NARRAGANSETT – For adults, the approach of Labor Day usually comes with the anticipation of a three-day weekend and possibly one last vacation before the weather turns.
For local youths, it signifies something worse; the end of summer vacation.
For the 53 students hoping to suit up for Narragansett High School this fall, the silver lining is that at least the end of summer means football is back.
“It’s always nice to be back,” said Narragansett coach Dick Fossa. “It kind of signifies the end of summer, though. The summer went way too quick, but it’s good to be back. We have a nice bunch of kids coming back, so we’re looking forward to the season.”
The excitement, however, might be short lived for the Mariners. Even though things are just getting underway, Narragansett football is already under the gun to get amped up and ready to go for the start of the 2013 season.
With Thanksgiving falling at the end of November, the school’s early start date and new regulations on practice lengths and times, the Mariners lost a lot of the preparation time they are accustomed to this fall.
The normal two weeks of double sessions was cut down to one and the customary three week preseason before school starts was cut down to just under two.
The schedule put the Mariners in a tough spot before they even stepped on the field Monday morning for their first practice of the year.
“The National Federation of High Schools has limited the amount of time you can go because of the heat acclimation guidelines,” Fossa said. “You can go three hours and then you have to sit down. You have to give them a three-hour rest and then you can have a one-hour walk through, but there’s no conditioning, no pads. That takes more practice time away from us.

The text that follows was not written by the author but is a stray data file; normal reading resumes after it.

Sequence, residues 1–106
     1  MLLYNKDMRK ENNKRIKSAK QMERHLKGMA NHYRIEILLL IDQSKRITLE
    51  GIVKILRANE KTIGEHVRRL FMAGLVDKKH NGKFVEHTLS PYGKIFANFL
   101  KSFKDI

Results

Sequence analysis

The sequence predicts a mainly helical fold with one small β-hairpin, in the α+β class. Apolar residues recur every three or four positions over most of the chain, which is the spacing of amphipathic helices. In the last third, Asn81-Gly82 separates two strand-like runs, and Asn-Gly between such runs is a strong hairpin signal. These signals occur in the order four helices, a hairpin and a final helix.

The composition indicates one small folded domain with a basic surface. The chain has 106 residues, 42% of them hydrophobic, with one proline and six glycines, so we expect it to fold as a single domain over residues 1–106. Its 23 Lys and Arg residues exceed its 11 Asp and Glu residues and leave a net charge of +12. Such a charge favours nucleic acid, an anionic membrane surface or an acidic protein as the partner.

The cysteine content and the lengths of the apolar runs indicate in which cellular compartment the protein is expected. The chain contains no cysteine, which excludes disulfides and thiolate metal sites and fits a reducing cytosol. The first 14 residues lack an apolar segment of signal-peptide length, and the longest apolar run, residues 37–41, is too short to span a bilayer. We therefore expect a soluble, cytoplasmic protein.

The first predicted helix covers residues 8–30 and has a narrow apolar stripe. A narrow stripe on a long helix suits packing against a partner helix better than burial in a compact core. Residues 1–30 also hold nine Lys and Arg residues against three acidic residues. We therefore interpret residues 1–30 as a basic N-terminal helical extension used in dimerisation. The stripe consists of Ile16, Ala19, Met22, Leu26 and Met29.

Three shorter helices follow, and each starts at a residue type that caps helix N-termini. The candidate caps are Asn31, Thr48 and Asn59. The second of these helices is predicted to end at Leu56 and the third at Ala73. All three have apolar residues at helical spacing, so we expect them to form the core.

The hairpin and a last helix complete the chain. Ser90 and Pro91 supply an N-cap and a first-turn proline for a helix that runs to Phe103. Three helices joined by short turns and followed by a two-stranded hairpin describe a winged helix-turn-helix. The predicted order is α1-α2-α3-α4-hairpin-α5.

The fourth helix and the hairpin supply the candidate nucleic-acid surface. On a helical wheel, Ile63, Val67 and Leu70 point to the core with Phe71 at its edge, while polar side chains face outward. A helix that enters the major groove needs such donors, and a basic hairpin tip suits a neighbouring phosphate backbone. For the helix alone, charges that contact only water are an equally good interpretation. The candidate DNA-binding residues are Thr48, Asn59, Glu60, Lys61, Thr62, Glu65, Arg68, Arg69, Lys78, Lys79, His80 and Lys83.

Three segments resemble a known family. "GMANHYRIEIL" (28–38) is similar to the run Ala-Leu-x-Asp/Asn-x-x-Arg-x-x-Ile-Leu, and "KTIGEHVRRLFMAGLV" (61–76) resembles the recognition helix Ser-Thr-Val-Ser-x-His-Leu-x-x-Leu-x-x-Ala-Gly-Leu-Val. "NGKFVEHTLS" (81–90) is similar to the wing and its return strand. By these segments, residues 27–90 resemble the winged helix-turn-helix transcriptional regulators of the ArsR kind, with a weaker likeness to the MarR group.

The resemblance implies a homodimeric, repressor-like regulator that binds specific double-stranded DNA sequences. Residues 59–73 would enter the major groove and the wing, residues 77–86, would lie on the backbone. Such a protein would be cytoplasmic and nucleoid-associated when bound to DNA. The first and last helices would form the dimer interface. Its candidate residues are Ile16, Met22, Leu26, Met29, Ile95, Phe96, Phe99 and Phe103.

“We start early at Narragansett. We’re in before Labor Day, so that’s four or five more practices away from us. …In years past, we’ve started a week earlier than the other sports. This year we’re starting at the same time. …We only have six days of double sessions. Some teams have two weeks, we only have six days. The first five days there’s no contact, so we’re kind of behind the eight ball right away and have to get right into things.”
Though they are getting their first look of the year at their players in actual football conditions, with no time to waste Fossa and the rest of the Narragansett coaching staff are already evaluating their players and shaping the roster for the coming season.
“The first and foremost thing that you have to do is you have to identify your players,” said the Mariners’ coach. “The season starts basically in three weeks.
“You have to find the guys that need to be ready for day one when you start for real. We’re pretty comfortable defensively, we lost some offensive linemen and I think that’s where we’re going to need to do the most work, identifying those guys that are going to play offensive line. Get them into shape.”
The Mariners got off to a strong start at Monday’s first practice according to their coach, but time is of the essence for Narragansett as they look to build throughout their short preparation time in hopes of improving on last year’s .500 season.